Pierre elementary schools are opening the minds of students by appealing to their stomachs with a health-oriented program called Harvest of the Month.

Forward-thinking Californians originally came up with the concept, and five years ago Tiffany Sanchez brought it to St. Joseph Elementary after she heard about it during a health class in Napa Valley. Since then, it’s spread to all four Pierre elementary schools and Pierre Indian Learning Center, as well as other schools across the state.

“Healthy foods help us work and think better,” said Sanchez. “We all love sweets, myself included, but I think we need to have an awareness of what we’re putting in our bodies, how it makes us feel and how it makes our bodies function. That’s a personal responsibility.”

The program promotes increased access and consumption of fruits and vegetables, while also encouraging daily physical activity. It brings together the classroom, cafeteria, home and community to achieve a common goal - healthier eating, learning and behavioral habits for students.

Sanchez has worked with lunch supervisors and parent volunteers at St. Joseph to hold monthly assemblies educating students about the geology, peak season and health benefits of eating fresh produce. After the presentation, students get to try the food prepared several different ways.

“I tried to pick fruits and vegetables in season that kids maybe haven’t had a lot of exposure to,” Sanchez said. “We have to change kids’ thought processes and palettes, because they have to try a food at least seven times before they acquire a taste for it.”

Inspired by Sanchez’s work at St. Joseph, Community Wellness Coordinator Danette Jarzab has worked with Pierre elementary schools to incorporate a similar program that’s held during physical education classes.

Parent volunteers help Jarzab with preparing food for over 1,200 kids every month.

“Right now, having it in gym class makes sense because it ties in with health,” Jarzab said. “It’s 15 minutes of their gym time, and it’s connected with healthy choices and healthy communities.”

 This is the first year that all four Pierre elementary schools are involved with Harvest of the Month. Todd Bohls, physical education teacher at Buchanan, has been doing the presentations since last year and has seen an overwhelming positive response from students, parents and faculty.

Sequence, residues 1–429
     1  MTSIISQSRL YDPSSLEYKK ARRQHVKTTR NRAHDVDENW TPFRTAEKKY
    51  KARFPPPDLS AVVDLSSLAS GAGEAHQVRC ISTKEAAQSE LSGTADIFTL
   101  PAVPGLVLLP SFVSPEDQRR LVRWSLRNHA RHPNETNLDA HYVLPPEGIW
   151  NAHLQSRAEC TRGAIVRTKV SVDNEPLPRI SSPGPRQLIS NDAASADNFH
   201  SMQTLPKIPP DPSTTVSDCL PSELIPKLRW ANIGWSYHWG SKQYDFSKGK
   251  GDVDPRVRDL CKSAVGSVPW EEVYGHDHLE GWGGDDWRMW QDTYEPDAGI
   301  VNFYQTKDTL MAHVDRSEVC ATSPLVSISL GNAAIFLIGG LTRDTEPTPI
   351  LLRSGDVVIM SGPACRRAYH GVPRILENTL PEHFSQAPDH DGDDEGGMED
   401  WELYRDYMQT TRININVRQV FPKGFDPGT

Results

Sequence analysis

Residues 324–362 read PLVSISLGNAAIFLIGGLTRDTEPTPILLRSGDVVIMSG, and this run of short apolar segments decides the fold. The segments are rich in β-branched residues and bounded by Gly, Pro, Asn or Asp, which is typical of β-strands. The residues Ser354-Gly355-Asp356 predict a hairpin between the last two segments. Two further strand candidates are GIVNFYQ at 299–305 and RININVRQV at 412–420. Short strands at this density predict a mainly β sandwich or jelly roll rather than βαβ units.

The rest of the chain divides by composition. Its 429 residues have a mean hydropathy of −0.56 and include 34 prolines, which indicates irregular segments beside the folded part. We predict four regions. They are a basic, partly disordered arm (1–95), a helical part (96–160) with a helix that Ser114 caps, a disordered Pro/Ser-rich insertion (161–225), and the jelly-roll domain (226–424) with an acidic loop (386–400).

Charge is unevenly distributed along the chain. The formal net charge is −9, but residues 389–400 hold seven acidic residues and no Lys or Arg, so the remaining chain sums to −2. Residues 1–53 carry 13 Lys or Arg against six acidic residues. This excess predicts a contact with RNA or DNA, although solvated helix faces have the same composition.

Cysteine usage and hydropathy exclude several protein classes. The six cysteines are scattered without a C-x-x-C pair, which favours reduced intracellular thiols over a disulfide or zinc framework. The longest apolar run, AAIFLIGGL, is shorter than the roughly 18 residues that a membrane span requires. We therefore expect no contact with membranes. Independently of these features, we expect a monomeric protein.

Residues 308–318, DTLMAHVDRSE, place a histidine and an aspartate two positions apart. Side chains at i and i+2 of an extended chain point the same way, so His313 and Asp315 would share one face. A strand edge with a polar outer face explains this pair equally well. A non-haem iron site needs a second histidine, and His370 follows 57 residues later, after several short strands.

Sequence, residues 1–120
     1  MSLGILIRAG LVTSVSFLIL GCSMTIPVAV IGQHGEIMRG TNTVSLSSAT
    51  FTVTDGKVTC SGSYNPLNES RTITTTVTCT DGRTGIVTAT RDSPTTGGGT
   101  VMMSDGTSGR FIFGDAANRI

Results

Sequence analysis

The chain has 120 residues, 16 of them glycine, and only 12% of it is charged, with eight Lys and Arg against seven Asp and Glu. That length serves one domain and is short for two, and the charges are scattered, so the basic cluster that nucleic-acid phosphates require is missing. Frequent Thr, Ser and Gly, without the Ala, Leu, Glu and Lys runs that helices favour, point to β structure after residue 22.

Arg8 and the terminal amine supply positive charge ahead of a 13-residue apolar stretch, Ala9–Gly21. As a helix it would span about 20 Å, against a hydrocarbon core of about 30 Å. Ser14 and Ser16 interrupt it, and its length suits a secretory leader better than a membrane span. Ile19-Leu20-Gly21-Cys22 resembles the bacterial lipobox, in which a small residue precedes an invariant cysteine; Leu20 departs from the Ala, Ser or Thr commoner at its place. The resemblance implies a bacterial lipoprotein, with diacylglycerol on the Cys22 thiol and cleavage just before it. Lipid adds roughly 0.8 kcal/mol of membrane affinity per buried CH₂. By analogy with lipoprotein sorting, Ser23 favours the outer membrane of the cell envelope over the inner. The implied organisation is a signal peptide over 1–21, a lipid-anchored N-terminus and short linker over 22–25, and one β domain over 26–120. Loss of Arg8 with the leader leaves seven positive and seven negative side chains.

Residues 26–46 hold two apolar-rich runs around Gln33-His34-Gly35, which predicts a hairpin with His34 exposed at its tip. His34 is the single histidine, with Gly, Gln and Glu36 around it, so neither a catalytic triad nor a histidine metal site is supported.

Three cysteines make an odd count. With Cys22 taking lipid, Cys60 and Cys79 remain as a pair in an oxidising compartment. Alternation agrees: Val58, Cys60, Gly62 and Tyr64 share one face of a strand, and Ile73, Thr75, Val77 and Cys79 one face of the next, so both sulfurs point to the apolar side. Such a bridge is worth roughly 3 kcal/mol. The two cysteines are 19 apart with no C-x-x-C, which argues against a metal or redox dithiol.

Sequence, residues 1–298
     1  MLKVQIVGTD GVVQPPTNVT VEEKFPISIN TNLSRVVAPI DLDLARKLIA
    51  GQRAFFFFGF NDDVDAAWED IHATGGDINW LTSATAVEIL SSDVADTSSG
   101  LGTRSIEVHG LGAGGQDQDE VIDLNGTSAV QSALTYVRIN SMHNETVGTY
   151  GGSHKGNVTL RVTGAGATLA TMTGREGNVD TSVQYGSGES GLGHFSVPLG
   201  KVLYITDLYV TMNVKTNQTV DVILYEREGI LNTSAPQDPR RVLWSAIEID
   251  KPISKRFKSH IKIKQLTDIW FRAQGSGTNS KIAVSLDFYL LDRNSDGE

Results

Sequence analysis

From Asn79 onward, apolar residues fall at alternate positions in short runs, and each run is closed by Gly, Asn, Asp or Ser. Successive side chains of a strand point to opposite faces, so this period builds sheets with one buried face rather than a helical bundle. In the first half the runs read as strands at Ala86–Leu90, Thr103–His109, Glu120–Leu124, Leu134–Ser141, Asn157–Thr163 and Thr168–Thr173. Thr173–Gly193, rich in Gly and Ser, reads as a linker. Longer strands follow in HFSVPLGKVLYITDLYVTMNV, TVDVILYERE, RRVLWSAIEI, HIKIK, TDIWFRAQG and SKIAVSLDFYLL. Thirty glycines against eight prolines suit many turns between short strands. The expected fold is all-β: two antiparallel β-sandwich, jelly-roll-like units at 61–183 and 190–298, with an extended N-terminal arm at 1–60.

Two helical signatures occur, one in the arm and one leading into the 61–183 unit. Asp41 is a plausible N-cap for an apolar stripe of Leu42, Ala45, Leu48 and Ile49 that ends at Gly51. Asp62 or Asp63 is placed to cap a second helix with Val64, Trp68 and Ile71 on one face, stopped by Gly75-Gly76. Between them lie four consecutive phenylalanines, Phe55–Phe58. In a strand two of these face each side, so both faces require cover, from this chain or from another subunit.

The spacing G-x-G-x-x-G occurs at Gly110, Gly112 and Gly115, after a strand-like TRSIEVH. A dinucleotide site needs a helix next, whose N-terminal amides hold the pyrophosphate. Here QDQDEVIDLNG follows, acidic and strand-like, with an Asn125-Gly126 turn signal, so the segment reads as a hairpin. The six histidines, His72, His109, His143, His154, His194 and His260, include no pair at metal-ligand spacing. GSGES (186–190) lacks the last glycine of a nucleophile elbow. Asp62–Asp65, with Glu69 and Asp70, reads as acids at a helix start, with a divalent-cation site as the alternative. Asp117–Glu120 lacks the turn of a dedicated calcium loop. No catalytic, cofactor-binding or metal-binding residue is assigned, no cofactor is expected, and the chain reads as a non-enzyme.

“Kids would actually bring the food in their sack lunches; they were proud of it. I had parents telling me that the recipes were really good,” Bohls said. “I’ve heard other people say that they’ve gone to family get-togethers and a dish showed up that was a Harvest of the Month food. So we know that it’s getting out there and that people are actually using it.”

October was root vegetable month in Pierre elementary schools, and students tried sliced jicama, turnip soup and mashed rutabaga. Last month they ate grapes three different ways, and next month they’ll try squash.

Students are encouraged to take at least one bite before saying no thank you, with the emphasis being on which way they liked the fruit or vegetable best. Afterwards, they’re presented with a sticker saying that they tried something new, and they’re sent home with a sheet of recipes and information about the produce.

Bohls said that the hope is to show kids and their families healthy and tasty alternatives to junk food. He’d like to see a shift from processed foods to more whole and natural foods at school and at home.

“It’s really changed my life. It’s made me eat healthier, think outside the box and not always fall into the same routine,” Bohls said. “Living out here in Pierre, S.D., this food is available. You just have to look for it.”

Jarzab also hopes that children and adults will enjoy the fruits and vegetables together.

“If students and families eat the [produce], then it will become more common on the dinner plate, in their lunch bins or on the breakfast menu at home,” Jarzab said. “That will create high school students who love fruits and vegetables even more.”

In addition to more proactive parents, Sanchez would like to see schools step up by improving preparation of fruits and vegetables.

“Kids are our future, and if they’re not well, our future is kind of grim,” Sanchez said. “Schools should set the bar for what a nutritious meal looks like. For some kids, it’s going to be the only nutritious meal they get in the day.”

Harvest of the Month programs throughout the community are supported with funding from the St. Mary’s Foundation, SD Discovery Center, Pierre’s ACHIEVE grant and Harvest of the Month SD Team Nutrition Grants. Dakotamart provides fresh produce at a discount, and displays “Harvest of the Month Featured Produce” signs each month.

(1) comment


What a great story....I used to work for the school lunch program and I have had the opportunity to go and see the new things they are doing....I couldn't belive the amount of fresh fruit and vegetable now offered the children...especially at the high school and middle school. I understand about the elementary schools only getting the one choice and it will probably be that way until they get a Central Kitchen in all the schools, right now they have to rely on the GMMS central kitchen for their food, but maybe once they all get a full working kitchen they can do the same things that are going on in the bigger schools.....wonderful program Harvest of the Month! I do think that the "Bar" as Mrs. Sanchez calls it should be set at 'HOME", not at the schools, home is where our children learn their life time habits, and eating fresh fruits and vegetables should be a life-time habit started at home.

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